In his last fishing report Guide Rob McComas (828-674-5041) discussed how the contours of Lake Jocassee (a deep, somewhat-bowl shaped lake) and the laws of physics mean that it is slow to cool in the winter – and slow to warm in the spring. Compared to the amount of water the lake holds, there is relatively little surface area through which heat can escape and be absorbed, especially relative to a shallower, sprawling lake such as Santee. But despite the constraints of physics and geography, in the last week Jocassee water temperatures have shot up by an incredible 6 or 7 degrees, and gone from the low to mid-50s. As a result of this Lake Jocassee bass are behaving now like they usually behave in April.
Rob reports that fish are getting into an aggressive, pre-spawn pattern and starting to head toward the banks pretty hard. They are migrating from main lake points back towards the rivers, creeks and coves, and it is worth fishing around any obvious cover – laydowns are especially good. The most aggressive fish will be in 15 feet or less and so this range may make the most sense to target.
Both soft and hard jerkbaits can be a good option, and on Lake Jocassee it is hard to go wrong with soft plastics such as a fluke. On cloudy, rainy days spinnerbaits can be effective fished around laydowns.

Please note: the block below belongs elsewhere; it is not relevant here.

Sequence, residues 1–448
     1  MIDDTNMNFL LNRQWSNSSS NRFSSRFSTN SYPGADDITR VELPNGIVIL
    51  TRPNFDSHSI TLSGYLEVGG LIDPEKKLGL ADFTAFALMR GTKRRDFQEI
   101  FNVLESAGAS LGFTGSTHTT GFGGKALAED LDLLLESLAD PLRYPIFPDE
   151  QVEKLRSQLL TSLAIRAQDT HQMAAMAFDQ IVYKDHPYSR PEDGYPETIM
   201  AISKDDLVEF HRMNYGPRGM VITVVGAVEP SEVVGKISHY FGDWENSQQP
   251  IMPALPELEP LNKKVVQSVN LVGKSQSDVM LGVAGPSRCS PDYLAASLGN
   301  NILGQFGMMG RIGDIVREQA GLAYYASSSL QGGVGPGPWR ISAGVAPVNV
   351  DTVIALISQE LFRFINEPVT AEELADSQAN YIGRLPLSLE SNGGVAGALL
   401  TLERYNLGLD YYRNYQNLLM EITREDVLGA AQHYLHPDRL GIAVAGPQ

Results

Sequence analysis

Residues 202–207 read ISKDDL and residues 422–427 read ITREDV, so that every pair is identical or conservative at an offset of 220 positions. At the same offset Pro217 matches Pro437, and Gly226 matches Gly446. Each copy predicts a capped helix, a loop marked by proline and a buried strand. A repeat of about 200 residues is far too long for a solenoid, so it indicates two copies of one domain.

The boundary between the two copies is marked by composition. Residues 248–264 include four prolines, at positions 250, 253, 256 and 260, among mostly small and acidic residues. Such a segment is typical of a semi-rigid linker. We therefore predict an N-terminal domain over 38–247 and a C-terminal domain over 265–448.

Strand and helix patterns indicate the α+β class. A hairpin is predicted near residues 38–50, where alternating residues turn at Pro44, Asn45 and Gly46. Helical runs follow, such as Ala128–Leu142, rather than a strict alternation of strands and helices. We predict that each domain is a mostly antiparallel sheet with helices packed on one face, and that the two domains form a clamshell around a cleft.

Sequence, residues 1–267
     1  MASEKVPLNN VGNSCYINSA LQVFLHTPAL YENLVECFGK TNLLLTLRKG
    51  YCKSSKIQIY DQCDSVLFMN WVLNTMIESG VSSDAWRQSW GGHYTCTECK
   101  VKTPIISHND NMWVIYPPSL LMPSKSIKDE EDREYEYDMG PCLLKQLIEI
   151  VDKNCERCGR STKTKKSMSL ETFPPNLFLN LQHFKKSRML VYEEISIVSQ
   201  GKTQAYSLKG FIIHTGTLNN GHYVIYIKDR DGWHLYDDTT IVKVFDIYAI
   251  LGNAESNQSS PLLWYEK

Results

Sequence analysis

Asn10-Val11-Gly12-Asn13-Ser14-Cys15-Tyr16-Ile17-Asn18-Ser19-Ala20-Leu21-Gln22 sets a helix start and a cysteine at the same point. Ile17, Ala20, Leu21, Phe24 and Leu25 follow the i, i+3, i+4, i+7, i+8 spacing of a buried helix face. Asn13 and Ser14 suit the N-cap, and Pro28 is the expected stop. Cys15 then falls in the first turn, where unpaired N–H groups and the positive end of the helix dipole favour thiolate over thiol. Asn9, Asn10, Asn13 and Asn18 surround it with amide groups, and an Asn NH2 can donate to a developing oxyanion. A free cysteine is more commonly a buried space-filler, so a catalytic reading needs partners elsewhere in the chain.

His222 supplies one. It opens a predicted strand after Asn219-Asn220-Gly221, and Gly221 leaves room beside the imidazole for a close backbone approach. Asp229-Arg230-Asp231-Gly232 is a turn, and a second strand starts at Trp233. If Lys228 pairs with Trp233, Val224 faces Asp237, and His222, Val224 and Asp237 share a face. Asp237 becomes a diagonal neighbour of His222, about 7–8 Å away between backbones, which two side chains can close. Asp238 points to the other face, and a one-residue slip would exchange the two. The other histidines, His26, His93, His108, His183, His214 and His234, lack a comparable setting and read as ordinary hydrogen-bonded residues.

While the spawn is still a little ways off fish are heading towards the areas where they will eventually spawn, and spawning behavior on Lake Jocassee is a bit unusual. Certainly there are some traditional protected coves with sandy bottoms where some fish will spawn, but there are only a handful of areas like that on Lake Jocassee. Fish aren’t going to travel miles and miles for a traditional spawning flat on which to bed, and Rob says that because so much of the lake is deep and rocky fish will adapt. He has seen fish spawn on rocky banks, points, and slabs as well as out deeper. Oftentimes if you drive along a bank and see a number of beds 8 out of 10 beds will belong to smaller spotted bass, while largemouth will often be out in 8-12 feet of water. Clear water allows deeper light penetration on Jocassee, and it is speculated that smallmouth must be spawning deeper because Rob has never actually seen them bedding.
Lake Jocassee is at 97.6% of full pool.
Trout: Fair to good. Guide Sam Jones (864-280-9056) reports that while they are not wearing out the fish right now, some decent trout are being caught on Lake Jocassee. In the past week or so his boat has caught 3 fish over 5 pounds as well as plenty of fish in the 3-4 pound range. There are also plenty of sublegal stocker-sized fish to be caught. Fish are highly scattered out, and anglers are catching fish around pretty much all of their normal spots. Sam says it’s rare to hear of someone fishing in their preferred area where they have confidence and not catching fish. The flip side of this is that there are no real hot spots right now. Some fish are being caught in the big water around the dam, and there are also fish up in the rivers and in the very backs. Trout are being caught from the surface down to 50 feet, with 30-40 feet being the best range. They are hitting both bait and hardware, although the bite is a bit better on hardware. 2-3 inch spoons have been the best bet, and Sam always has the most confidence in Sutton Spoons. Doctors and Apex Spoons have also been catching fish.